By Dave Webb
(Published Dec., 2001, Utah Outdoors magazine)
Jim Gunderson became passionate about fishing when he was just two years old, and he's enthusiastically pursued the sport ever since. So it was natural for him to settle into a job where he’s required to go fishing on a regular basis. He’s a salesman and product buyer for Fish Tech Outfitters, and the company philosophy requires employees to participate in the sport. During a typical workday he plays with new products, helps people select gear, shares information and listens to fish stories. Periodically, he slips out and works on practical application — he’s very proficient at actually catching fish.
Gunderson likes all kinds of fishing, but he’s particularly passionate about ice fishing. He likes the variety of fish that can be caught through the ice; he consistently catches rainbows, cutts, splake, perch, crappie, bluegill, largemouth bass, even lake trout and tiger muskie. He also likes the simplicity of ice fishing. With a minimum of equipment, mostly inexpensive, anyone can get out and catch fish. Grab some bait, throw a little gear into a 5-gallon bucket, and you’re off. You don’t need a $500 fly rod or a $30,000 bass boat.
Utah Outdoors asked Gunderson to share insights and tips about ice fishing, and he was happy to cooperate. He said two products, a portable fish finder and a power auger, have really helped him increase his catch rate. A good sonar unit will show fish, the bottom, and your lure, allowing you to zero in on productive areas. “Because the unit is stationary, you can see fish approach your lure, and see them strike,” he said. ”It’s exciting.”
Too much patience is not a virtue when ice fishing. “If I don’t catch a fish within 15 minutes, or at least see promising images on the fish finder, I move,” Gunderson said. “Often moving just a few feet will make a big difference in success. With a power auger, I don’t hesitate to punch a lot of holes.”
Gunderson said he enjoys the social aspect of ice fishing. “Friends can fish together, staying close enough to talk, without stepping on each other’s toes. But I always avoid large groups of people. The commotion of many people drilling holes, with kids running around, scares the fish. I'll always walk away from groups.”
Because of the variety of fish it offers, Pineview is one of Gunderson’s favorite fishing holes. He has become very good at using specific tactics to target a particular species, and he usually catches the fish he’s after. But one day, while fishing for perch with light tackle, a big tiger muskie hit his small lure. “There was no way to know what I had on until it bent my rod double,” he said. “That was the biggest thrill I’ve ever had while ice fishing.”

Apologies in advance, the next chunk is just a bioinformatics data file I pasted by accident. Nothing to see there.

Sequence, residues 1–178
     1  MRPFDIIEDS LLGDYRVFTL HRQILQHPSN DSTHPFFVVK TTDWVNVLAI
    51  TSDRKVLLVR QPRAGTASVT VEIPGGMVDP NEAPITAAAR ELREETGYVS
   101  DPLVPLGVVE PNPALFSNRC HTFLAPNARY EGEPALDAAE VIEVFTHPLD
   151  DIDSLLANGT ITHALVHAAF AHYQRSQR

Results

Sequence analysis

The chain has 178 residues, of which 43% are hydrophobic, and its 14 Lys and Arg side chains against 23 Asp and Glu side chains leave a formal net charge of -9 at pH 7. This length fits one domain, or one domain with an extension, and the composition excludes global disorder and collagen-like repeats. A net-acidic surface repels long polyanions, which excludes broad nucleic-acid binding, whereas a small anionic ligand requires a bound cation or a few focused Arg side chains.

Gunderson provided the specific information given below. If you have questions or want more detail, talk to him at Fish Tech. He’s always happy to talk shop.
Top waters: Strawberry, Scofield, Fish Lake, Jordanelle, East Canyon.
Best lures: Smaller plastic or feathered jigs, smaller spoons (less than 1.5 inches long), ice flies. Good colors include white, glow, chartreuse, smoke, silver and gold.
Baits: Tip lures with night crawlers, salmon eggs, Powerbait.
Action: Experiment to determine what works. Start with short movements, allowing the lure to come to rest briefly between jigs.
Tips: Bigger rainbows can be found along the edges of weeds, particularly where points extend out into the weed beds. Look for well-defined edges on weed beds, in water less than 20 feet deep. You can often see the edges by looking into the water. Sonar will also show the edges of weed beds, and show fish.
Top waters: Strawbrerry, Bear Lake, Current Creek.
Best lures: Larger (up to five inches long) spoons or plastic jigs. Productive colors include white, glow, chartreuse, smoke, silver, gold.
Baits: Tip with wax worms, mealworms, night crawlers, frozen minnows, cut bait.
Action: Varies from trip to trip. These fish are aggressive and a moderate, inconsistent lure movement is usually effective.
Tips: Use larger lures early in the season, then downsize as the season progresses. Fish points. Find them by studying the shoreline (the same features you see above the water will usually extend below the surface). The longer the point, the better, because points concentrate fish. Start shallow and try different spots, working your way out into deeper water.
Top waters: Jordanelle, Rockport, Deer Creek.
Best lures: Larger (up to five inches long) spoons, plastic jigs (tubes or grubs). Good colors include white, glow, chartreuse, smoke, silver, gold, perch.
Baits: Wax worms, mealworms, night crawlers, frozen minnows, cut bait.
Action: These fish are aggressive and an active but inconsistent lure movement can be effective.
Tips: Look for browns along vertical walls, near the bottom, in water 50-70 feet deep.
Top waters: Fish Lake, Joes Valley.
Best lures: Spoons, plastic and feathered jigs (up to four inches long), ice flies. Good colors include white, glow, chartreuse, smoke, silver, gold, perch.
Baits: Sucker meat, perch (where legal), frozen minnows, mealworms.
Action: Very aggressive lure movement, with pauses.
Tips: These fish range widely; they may be found anywhere from 5-100 feet deep. Use a fish finder or trial and error to search them out. You will often find active fish adjacent to weed beds or suspended over open water down 20-40 feet.